I find myself increasingly turning to in-depth studies on game UX, motivational researchers, behavioural economists and true neuroscience, albeit written by those that can translate their science into regular human language. I love to learn and have on occasion been called academic for the depth of knowledge and my propensity to deep dive into something, but really I like to understand things in simple terms. I find that this way I can explain it to others in a way they can understand.

Busting the neuro-BS

Gamification and pop-psychology somehow got tangled up and became a mix of untrue promises based on unproven pseudo-science. Just because a scientist at one point explained left-brain/right-brain having mildly better abilities to be logical or emotional, doesn’t mean that we don’t actually use both most of the time for optimal results. As more research comes out the whole dopamine trigger seems to be founded on untrue interpretations of how our brain actually functions. I often wonder if people just took a part of a theory and said that would make them sound more scientific. The more I read up on this and the more I learn, the more I would suggest steering clear from the use of scientific language when really you are talking about creating an emotionally strong experience, which can be both positive or negative.


I worked with one start-up in the field and they produced several white papers full with neuro-scientific mumbo-jumbo. I had to go over the materials several times to make sense of it. After I shared some of it, a few of my academic friends pointed out that the foundations were mainly wrong and invalid and at best totally unproven. I had from the start encouraged the start-up to only publish what was proven through rigorous research or to go with their views on how the world works. All I am saying here is, when someone is trying to baffle you with science talk and they are not a scientist themselves, walk the other way. I reckon they are doing it to cover up some lack of confidence in their skills to deliver. If they put it in such language that you don’t understand, then you can’t claim it doesn’t work.

Let’s keep it real. Gamification is based on human motivation and emotions. Most of these can be expressed in understandable words.

Where to from here

As I read over the previous paragraphs I can see a bit of my cynicism and criticism of our field, these could be very personal views, so make of them what you will. I do however believe we are still growing as an industry and that we are still maturing towards better practices. Whether we will be absorbed by game design or UX or continue to fight for our place between these two remains to be seen.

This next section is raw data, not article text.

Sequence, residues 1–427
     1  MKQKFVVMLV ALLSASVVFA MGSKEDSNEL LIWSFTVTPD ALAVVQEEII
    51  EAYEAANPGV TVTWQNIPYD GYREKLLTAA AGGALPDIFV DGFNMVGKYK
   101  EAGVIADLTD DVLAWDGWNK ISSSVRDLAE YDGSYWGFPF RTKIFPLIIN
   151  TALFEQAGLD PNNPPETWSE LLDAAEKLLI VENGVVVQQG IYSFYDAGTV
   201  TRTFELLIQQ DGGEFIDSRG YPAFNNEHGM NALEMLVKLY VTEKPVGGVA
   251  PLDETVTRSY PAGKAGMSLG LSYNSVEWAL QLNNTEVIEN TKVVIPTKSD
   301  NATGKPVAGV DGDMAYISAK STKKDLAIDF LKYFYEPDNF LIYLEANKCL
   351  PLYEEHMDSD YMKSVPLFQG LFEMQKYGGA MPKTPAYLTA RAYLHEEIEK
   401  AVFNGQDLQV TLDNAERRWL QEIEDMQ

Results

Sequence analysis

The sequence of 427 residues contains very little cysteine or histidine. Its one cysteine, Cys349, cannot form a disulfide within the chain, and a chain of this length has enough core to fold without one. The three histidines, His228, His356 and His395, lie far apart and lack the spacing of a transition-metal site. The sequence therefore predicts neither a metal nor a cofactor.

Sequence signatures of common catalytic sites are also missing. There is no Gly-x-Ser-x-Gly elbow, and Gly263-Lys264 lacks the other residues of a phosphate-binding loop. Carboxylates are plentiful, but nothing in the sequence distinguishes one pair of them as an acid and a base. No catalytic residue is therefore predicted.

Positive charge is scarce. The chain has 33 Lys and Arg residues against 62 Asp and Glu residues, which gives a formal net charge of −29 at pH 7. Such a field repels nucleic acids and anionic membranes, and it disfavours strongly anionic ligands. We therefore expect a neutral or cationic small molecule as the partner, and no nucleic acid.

The more we work on projects, the more I see the need to bring in two types of people:

  • people that understand business process and how they impact people and
  • pure game designers coming from the world of designing for entertainment

Having an interest in games and playing a lot of them helps, but it isn’t always sufficient when it comes to making an impact on business and definitely nowhere near enough when it comes to designing gamified business solutions. I believe the true value of good gamification lies in the combination of both and the bridging of wisdom between those that understand the design of games and those that understand business. It is rare to find this in one person. I think it will and should always be a collaborative effort between both worlds.

Having a long-term view will be important so that both clients and gamification practitioners are more deeply connected when it comes to achieving results. A lot of early-day gamification had a short term view or a one size fits all which usually meant design once and forever. We know this approach is costly and decreases in effectiveness and impact over time. To achieve the longer-term impact it has to be seen as a longer-term strategy rather than a short term quick fix or campaign, even if those can be effective if time-limited.

Anyway, I feel optimistic about the industry and the potential impact it has. I feel a lot more apprehensive of the economy and climate to tell you the truth, so I am hoping for miracles so we can keep growing and working with clients with a long-term perspective.

We will keep playing and levelling up, we hope that you will do the same!